A Guide to Timing Belts
Updated: Apr 28
Ever heard of a timing belt? Don’t fret, many others haven’t either. The timing belt’s role is to keep the two main shafts in your engine turning together, at the right “time.” It’s a very important part of your car’s mechanisms, and will need to be changed at some point. Here’s a comprehensive guide to timing belts to help you understand more about why they are so vital.
What Exactly is a Timing Belt?
Back in the 1980s, timing belts became the norm overs chains. The change to timing belts allowed for a lighter and less expensive vehicle. As mentioned above, the timing belt’s main function is keeping the crankshaft and camshaft turning at the correct time or rate.
The crankshaft is the mechanism which moves your pistons up for the compression and exhaust cycles, and then down for power and intake cycles.
The camshaft is the mechanism which controls the opening and closings of the exhaust and intake valves. These valves must be open and closed at the correct time to achieve full engine compression. If the timing is off, even by the slightest, fuel could escape through an open valve and, in turn, a majority of the engine’s power would be lost.
The timing belt is the only thing keeping the timing of these mechanisms in sync—which is what makes it so vital to be working in your vehicle. The timing belt may also control the water, oil, and injection pumps depending on your car.
How Often does the Timing Belt Need to be Changed?
This question really depends on your car. The old standard was you should change your timing belt every 60,000 miles. But now, as technology has advanced, that number has bumped up to every 100,000 miles. The safest way to know exactly how far the belt can go is by checking with your car’s manufacturer or a Maryland auto mechanic.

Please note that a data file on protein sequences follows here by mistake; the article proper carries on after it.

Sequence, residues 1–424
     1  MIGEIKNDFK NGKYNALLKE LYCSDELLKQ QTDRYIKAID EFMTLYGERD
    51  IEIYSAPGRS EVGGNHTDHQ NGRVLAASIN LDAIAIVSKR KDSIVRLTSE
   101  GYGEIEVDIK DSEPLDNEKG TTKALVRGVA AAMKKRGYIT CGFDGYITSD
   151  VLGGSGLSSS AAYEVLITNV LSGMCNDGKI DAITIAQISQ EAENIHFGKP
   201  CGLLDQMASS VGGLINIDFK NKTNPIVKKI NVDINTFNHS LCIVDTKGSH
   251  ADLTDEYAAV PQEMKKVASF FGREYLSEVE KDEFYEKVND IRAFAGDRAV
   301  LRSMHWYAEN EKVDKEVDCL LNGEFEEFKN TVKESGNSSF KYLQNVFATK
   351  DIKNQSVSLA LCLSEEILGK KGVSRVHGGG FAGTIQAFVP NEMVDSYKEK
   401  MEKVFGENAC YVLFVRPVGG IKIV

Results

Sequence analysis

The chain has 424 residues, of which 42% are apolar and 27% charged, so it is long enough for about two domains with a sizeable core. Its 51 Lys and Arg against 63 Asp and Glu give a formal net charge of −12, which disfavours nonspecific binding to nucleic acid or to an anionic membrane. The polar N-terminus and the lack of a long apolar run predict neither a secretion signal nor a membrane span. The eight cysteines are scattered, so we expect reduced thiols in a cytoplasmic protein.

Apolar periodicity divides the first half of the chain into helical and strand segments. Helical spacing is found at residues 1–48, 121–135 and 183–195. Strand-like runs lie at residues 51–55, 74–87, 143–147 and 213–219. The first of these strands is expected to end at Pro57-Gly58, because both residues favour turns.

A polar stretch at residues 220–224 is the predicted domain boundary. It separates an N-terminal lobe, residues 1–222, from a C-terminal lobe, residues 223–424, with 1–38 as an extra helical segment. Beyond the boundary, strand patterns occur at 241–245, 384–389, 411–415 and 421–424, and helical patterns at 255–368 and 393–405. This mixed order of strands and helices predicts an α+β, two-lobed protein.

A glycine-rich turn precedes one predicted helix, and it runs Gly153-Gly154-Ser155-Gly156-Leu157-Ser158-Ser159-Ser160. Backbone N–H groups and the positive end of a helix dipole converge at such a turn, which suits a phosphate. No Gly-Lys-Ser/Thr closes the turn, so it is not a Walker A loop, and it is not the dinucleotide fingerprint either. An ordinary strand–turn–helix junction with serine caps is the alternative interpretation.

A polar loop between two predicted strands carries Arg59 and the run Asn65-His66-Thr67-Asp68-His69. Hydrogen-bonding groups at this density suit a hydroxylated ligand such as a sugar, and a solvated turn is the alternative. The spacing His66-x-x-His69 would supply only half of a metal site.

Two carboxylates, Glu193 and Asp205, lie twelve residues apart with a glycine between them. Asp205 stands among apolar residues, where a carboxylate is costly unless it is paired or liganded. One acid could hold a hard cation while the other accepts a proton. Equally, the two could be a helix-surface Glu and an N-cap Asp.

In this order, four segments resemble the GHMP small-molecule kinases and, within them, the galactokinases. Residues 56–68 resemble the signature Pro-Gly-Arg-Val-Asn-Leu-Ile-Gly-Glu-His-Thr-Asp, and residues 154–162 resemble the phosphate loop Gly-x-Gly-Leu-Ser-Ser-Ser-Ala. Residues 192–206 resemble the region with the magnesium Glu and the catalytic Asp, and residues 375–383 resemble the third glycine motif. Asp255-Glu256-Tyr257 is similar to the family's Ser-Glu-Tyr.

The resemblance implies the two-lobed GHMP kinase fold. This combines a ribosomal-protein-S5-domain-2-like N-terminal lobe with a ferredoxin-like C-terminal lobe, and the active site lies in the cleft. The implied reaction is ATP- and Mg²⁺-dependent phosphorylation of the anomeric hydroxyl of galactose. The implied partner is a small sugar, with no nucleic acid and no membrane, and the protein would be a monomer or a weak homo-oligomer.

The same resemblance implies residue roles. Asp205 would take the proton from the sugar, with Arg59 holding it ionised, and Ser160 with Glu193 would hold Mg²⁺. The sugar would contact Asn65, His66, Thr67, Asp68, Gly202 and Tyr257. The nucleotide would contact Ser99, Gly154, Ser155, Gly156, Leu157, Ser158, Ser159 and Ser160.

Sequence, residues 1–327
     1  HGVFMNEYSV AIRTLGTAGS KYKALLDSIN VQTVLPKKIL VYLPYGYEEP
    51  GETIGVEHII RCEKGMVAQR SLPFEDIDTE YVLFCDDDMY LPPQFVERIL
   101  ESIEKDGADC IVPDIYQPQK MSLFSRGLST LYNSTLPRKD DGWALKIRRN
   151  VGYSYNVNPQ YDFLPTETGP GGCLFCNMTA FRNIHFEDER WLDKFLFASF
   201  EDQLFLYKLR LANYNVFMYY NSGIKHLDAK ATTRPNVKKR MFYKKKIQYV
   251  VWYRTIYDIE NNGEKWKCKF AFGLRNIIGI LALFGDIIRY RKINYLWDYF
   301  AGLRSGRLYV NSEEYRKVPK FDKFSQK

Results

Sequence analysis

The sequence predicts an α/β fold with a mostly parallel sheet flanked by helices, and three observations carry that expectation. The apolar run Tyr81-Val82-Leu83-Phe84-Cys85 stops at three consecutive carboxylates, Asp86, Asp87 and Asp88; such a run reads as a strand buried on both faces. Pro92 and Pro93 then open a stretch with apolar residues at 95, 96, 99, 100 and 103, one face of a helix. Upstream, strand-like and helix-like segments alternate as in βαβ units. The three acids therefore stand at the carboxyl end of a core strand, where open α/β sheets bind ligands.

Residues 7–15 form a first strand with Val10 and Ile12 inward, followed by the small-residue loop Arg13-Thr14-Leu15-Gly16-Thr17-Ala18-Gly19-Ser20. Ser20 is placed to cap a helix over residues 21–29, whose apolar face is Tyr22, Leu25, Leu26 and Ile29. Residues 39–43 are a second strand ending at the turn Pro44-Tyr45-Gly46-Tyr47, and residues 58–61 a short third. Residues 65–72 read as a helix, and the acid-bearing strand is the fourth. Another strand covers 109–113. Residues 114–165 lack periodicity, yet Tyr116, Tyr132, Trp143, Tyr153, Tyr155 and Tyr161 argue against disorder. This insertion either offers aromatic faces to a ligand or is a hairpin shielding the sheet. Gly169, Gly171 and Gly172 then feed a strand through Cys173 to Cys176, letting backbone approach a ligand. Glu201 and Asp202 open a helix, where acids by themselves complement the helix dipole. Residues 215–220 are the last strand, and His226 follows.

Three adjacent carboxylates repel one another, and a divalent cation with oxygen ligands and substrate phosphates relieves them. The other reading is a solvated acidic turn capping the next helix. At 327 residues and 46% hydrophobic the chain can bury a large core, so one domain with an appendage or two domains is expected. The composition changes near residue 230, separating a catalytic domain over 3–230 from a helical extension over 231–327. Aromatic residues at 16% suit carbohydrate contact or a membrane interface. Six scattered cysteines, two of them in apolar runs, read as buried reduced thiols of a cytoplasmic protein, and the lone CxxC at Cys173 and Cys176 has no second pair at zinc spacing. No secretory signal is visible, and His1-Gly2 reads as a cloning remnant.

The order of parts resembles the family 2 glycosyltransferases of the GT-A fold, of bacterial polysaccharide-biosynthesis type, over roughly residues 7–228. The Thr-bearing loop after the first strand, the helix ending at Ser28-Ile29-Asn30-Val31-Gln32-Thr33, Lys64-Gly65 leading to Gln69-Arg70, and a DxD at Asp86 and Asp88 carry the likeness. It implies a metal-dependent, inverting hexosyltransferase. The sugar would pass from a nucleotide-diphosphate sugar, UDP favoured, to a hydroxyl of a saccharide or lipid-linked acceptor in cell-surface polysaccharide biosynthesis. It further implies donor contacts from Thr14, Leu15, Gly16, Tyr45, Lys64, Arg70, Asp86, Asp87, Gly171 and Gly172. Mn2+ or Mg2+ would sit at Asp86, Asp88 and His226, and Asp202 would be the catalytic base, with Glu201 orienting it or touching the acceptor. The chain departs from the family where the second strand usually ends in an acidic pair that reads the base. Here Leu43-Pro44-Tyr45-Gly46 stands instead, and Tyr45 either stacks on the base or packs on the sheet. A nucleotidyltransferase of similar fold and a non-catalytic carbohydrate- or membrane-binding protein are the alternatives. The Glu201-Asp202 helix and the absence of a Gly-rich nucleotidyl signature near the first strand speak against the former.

Signs Your Timing Belt is Deteriorating
There are a couple of ways you may realize it’s time to change your belt. The first, and most obvious, is your engine just stops running because the belt breaks. But sometimes the belt needs replaced before it breaks. Here are some signs you need to change your timing belt:
Loss of power
Loss of fuel efficiency
Consult with a Local Maryland Mechanic
If you ever are in question of whether or not your timing belt needs to be replaced, it is always a safe bet to go to your local Maryland auto mechanic. The experts at Hillmuth Auto Care are a team of highly skilled professionals who know everything about timing belts, crankshafts, camshafts, and anything else under the hood. We are a locally-owned and operated business, and after one visit you’re guaranteed to make us your trusted car repair company.